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Tesol in ChinaChina has long been an enigma to much of Western society. As the third-largest country in the world by area, this diverse and complex land has been home to some of history's most notable eras and events. Today's visitor can see evidence of those milestones: the Great Wall, the terra-cotta soldiers, Mao Zedong's mausoleum, Tiananmen Square - the list goes on.

It could take countless vacations to China to see all there is, but six months or a year spent teaching there is a sure way to get an inside look at this fascinating country.
China comprises one of earth's oldest civilizations and has remained relatively secluded - for many years Christian missionaries were the only English speakers to make extended stays there. As a result, China's political and economic systems have to a large degree isolated its people from Western influence. In recent years the growing global economy has demanded change in China, and the country's leaders have been struggling to respond. For example, although the economic reforms of Deng Xioaping during the 1970s and 1980s did much to increase production on China's farms, only 15 to 20 percent of China's land is suitable for farming. And even this arable land is shrinking due to industrialization, urbanization, and flooding. This crisis of an increasing population and a decreasing capacity to produce food has led to China's infamous government-promoted birth-control programs.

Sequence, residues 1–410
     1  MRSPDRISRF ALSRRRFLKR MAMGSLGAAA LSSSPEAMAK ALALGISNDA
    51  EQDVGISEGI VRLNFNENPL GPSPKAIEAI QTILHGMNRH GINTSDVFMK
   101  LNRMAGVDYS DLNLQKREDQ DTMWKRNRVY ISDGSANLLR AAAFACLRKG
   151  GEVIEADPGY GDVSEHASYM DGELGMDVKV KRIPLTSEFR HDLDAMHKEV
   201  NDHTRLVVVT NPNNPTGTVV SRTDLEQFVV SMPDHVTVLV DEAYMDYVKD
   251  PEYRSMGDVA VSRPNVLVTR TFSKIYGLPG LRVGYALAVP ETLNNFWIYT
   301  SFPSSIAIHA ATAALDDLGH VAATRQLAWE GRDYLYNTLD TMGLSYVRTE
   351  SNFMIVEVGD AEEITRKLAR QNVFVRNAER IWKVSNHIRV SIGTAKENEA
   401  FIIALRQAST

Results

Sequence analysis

Inflation has been another troubling issue for China. The rise in prices for basic consumer items was a fundamental factor in the Tiananmen Square protests. Nonetheless, or perhaps in part due to these issues, China has been recently amenable to Western influence, and the business of teaching English, already commonplace in the rest of Asia, has at last caught on in a big way in the People's Republic.
 
Though at first cautious, many Chinese are generally eager to learn English. Many middle and high schools now teach English, and it's standard curriculum at universities and trade schools.
 
It's not unusual for a North American passing through a Chinese city park to be approached out of the blue by people wanting to learn English.
Despite the much-publicized crackdown on political dissidents in the spring of 1989, in many ways China is much more open to progress than even a decade ago. Though you may face bureaucratic obstacles to getting set up with a teaching job, once established you'll more or less have free rein in the classroom. In the words of one American who taught English in Shanghai, "They definitely want and need teachers, you just have to be extremely flexible."
 
Teaching English in China is nowhere near as streamlined as in places like Japan or Korea, and the pay isn't as high, either. A college degree is almost always necessary, and while ESL training and advanced degrees will help you get a job or higher pay, they are not required for most positions. Most teaching contracts are for the nine month school year, but teachers who go to China through a U.S.- or Canadian-based sending organization may be able to arrange shorter or longer contracts. In any case, your experience undoubtedly will be vastly different than that of someone making the English teachers' circuit in Taiwan, Japan, or South Korea. If you're a person who likes adventure, and you are willing to be flexible and put up with a few inconveniences, teaching English in China is sure to provide an incomparable experience.
 

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